Nutritional Supplements VS Traditional Plant Medicine – What’s the Difference?

supplements vs plant medicine

The natural health industry can be confusing – there are multiple therapies and often we don’t know what is most effective or where to start. Nutritional supplementation and traditional plant medicine are two ways to support good health. But what is the difference between them?

Nutritional Supplementation:

Nutritional supplementation feeds the body with nutrients. You will find minerals and vitamins in the supplement section of health stores and pharmacies, and online. Supplementation is relatively new therapy.  The idea was introduced during the industrial revolution to correct deficiencies in diets. Vitamins and minerals are essential in thousands of chemical reactions in the body. Even the best diets may need supplementation. For example, in New Zealand our soils tend to be low in magnesium and selenium.  That can make it hard for us to get these nutrients from food alone. If we have a vitamin or mineral deficiency, then nutritional supplementation can be an effective way to correct it. Supplements available are both naturally and synthetically derived. Some are made with excipients or fillers, and preservatives, which should be avoided as these add extra stress on the body.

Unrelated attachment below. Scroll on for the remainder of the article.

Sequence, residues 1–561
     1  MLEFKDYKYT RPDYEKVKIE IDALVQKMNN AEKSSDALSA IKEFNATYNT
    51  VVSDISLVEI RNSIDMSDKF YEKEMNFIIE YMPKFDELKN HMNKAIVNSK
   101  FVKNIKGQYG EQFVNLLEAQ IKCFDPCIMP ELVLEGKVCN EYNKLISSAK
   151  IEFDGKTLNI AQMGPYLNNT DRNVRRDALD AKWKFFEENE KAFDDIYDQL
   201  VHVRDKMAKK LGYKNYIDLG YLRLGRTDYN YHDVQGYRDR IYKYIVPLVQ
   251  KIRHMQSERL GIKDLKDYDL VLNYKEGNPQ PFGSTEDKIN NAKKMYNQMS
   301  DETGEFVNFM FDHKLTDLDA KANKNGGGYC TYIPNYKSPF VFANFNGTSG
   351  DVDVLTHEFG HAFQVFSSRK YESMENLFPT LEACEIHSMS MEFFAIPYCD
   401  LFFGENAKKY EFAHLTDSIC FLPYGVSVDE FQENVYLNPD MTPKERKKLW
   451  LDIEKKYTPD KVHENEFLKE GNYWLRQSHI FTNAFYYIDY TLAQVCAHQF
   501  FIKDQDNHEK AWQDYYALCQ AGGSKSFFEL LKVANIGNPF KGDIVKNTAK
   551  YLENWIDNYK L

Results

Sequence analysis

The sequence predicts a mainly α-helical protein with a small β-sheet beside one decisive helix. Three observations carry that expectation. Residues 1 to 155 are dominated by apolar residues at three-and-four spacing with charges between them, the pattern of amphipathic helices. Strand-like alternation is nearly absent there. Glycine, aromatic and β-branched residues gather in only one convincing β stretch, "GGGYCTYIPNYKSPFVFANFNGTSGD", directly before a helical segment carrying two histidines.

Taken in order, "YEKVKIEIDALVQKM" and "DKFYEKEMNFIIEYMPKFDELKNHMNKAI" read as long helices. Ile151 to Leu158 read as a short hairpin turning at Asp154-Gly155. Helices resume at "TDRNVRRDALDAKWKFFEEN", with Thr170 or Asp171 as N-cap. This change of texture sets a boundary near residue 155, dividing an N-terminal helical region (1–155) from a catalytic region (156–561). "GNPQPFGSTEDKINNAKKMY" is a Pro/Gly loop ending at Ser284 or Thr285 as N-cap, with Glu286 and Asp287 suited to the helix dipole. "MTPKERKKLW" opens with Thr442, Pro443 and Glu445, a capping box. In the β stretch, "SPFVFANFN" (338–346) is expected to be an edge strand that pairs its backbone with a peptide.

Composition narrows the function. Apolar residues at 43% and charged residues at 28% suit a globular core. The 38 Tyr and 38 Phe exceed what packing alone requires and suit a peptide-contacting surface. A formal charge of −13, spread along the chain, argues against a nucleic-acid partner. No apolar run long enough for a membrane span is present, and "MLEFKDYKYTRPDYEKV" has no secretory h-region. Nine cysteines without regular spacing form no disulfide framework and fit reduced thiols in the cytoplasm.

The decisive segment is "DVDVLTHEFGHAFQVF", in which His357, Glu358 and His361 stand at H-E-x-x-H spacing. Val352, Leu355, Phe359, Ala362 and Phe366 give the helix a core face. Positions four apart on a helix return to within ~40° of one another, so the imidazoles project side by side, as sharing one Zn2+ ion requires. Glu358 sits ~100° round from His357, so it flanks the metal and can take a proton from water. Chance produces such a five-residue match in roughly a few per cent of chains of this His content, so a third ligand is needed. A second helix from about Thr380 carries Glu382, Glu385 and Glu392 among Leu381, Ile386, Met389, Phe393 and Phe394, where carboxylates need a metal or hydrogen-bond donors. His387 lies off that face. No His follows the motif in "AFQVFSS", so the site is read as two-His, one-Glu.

Traditional Plant Medicine:

Traditional Plant medicine uses extracts of certain plants to support wellness, to build resilience and support optimal health. It is also called herbal medicine or phytotherapy. Traditional Plant medicine not only boosts nutrition but has active constituents that deliver balancing and strengthening effects on organs that help our body to function optimally. It has been used for thousands of years and is well documented throughout civilisations around the world.